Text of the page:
Amazing Stories of the Space Age (Paperback)
True Tales of Nazis in Orbit, Soldiers on the Moon, Orphaned Martian Robots, and Other Fascinating Accounts from the Annals of Spaceflight
Prometheus Books, 9781633882218, 365pp.
Publication Date: January 24, 2017
A giant rocket that would use atomic bombs as propulsion (never mind the fallout), military bases on the moon that could target enemies on earth with nuclear weapons, a scheme to spray-paint the lenses of Soviet spy satellites in space, the rushed Soyuz 1 spacecraft that ended with the death of its pilot, the near-disaster of the Apollo 11 moon landing, the mysterious Russian space shuttle that flew only once and was then scrapped--these are just some of the unbelievable tales that Pyle has found in once top-secret documents as well as accounts that were simply lost for many decades.
These stories, complimented by many rarely-seen photos and illustrations, tell of a time when nothing was too off-the-wall to be taken seriously, and the race to the moon and the threat from the Soviet Union trumped all other considerations. Readers will be fascinated, amused, and sometimes chilled.
About the Author
Praise For Amazing Stories of the Space Age: True Tales of Nazis in Orbit, Soldiers on the Moon, Orphaned Martian Robots, and Other Fascinating Accounts from the Annals of Spaceflight…
—David K. Love, fellow of the Royal Astronomical Society and author of Kepler and the Universe
“Whether you are a die-hard space fanatic or a casual reader, you’ll find this book is full of fascinating space stories you never knew existed. Rod Pyle is our space supersleuth!”
—Andrew Chaikin, author of A Man on the Moon
“I’m a huge fan of amazing stories, and these stories are so compelling I could not put the book down until I finished reading every one. And what’s most mind-boggling is that all these stories are true!”
—Peter Z. Orton, story editor, Steven Spielberg’s Amazing Stories NBC series
“Drawing upon little-known Cold War mission plans, and underreported records of actual mission emergencies, historian Rod Pyle has managed to convey the essence of the intensity and drama of those space-age years from well before Sputnik to the shuttle program. Delivering densely packed facts in an entertaining and often amusing style is what Pyle does best. Long after you’ve finished the book, you’ll remember how much fun you had reading it.”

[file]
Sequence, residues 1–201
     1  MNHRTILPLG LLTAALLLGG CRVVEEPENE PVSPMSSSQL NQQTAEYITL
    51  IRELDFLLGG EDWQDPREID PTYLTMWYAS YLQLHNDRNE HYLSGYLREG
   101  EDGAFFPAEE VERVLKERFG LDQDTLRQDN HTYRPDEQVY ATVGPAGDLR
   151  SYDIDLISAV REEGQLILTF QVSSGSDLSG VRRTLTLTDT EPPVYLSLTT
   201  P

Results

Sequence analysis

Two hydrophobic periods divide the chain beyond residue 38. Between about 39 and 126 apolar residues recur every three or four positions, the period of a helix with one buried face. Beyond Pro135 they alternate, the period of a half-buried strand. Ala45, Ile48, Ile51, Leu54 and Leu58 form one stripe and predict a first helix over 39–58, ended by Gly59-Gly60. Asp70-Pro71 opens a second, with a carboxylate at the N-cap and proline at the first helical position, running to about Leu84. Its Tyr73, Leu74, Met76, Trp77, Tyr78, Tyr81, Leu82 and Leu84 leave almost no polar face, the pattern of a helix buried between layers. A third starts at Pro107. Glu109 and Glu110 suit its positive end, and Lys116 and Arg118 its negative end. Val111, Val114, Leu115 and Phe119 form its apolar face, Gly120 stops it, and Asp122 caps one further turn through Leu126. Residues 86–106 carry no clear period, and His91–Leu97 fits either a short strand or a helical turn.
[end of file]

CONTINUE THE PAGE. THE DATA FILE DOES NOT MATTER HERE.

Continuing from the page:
—Susan Holden Martin, the Mars Society, Inc.
“So often our ongoing march into the future trumps remembering and savoring the past. Rod Pyle has made deep dives into space history, amassing well-crafted, storytelling chapters about people, projects, and dustbin endeavors, some recently declassified, that are germane to today’s space initiatives. Be it detailing US Air Force attempts to salute the militarization of Earth orbit and the moon, novel atomic-powered starships, wheeled space stations, to faulty decision making that led to the deaths of human space travelers and robots, Pyle’s ability to capture forget-me-not facts is truly amazing. This is a must-read for today’s space fan, while looking at the rearview mirror of times past.”
—Leonard David, Space.com’s Space Insider columnist
"A compelling collection of quixotic concepts and harrowing exploits that unfolded during humankind’s first staggering steps into the space age. Somehow, we got there, but not without more than a few misguided notions, narrow escapes, and tragedies. Rod Pyle’s account not only serves as a sobering reminder that politics, paranoia, and public relations have no place in any scientific endeavor, but it also demonstrates how far dreams, grounded in reality, can take us.”
—Jeff Kanipe, author of The Cosmic Connection: How Astronomical Events Impact Life on Earth
“Accomplished space author Rod Pyle digs through the yellowed archives of space history to bring us the alternate reality of space projects that might have been—a proposed Nazi space bomber, a planned trip to Mars and Venus on the ‘Nuclear Crocco’ spaceship, the sausage gun for battles on the moon, and more. He also peers between the headlines for true stories such as Neil Armstrong’s brush with death on Gemini 8, the signal from Apollo 11’s Eagle lander indicating that it might explode, and the ghastly death of a Soviet cosmonaut who suspected it was coming. This book will equip you for years’ worth of conversations over your favorite beverage.”
—Steve Fentress, director, Strasenburgh Planetarium, Rochester Museum & Science Center
“I highly recommend this book to anyone with an interest in space exploration. Pyle’s account of the evolution of the modern space program reminded me of events I’d forgotten, filled in details of events I thought I knew about, and revealed fascinating projects I’d never heard of. His ability to keep mind-boggling facts and fanciful yet true proposals in perspective makes this an engaging book that is gripping, yet easy to read. A wonderful addition to my reference library!”
—Melanie Melton Knocke, director of CPS Planetarium, ambassador of the NASA Airborne Astronomy, and author
“When the space travel of science fiction became a reality, many outlandish, risky, and sometimes foolhardy ideas seized the imaginations of individuals and world superpowers. Most of the wilder ideas never progressed further than paper studies. Some of the most impossible-sounding dreams, however, happened. Rod Pyle skillfully guides us through both major moments and forgotten corners of spaceflight triumphs and tragedies with a sense of entertaining drama, and reminds us that the ‘impossible’ can be anything but.”
—Francis French, author of In the Shadow of the Moon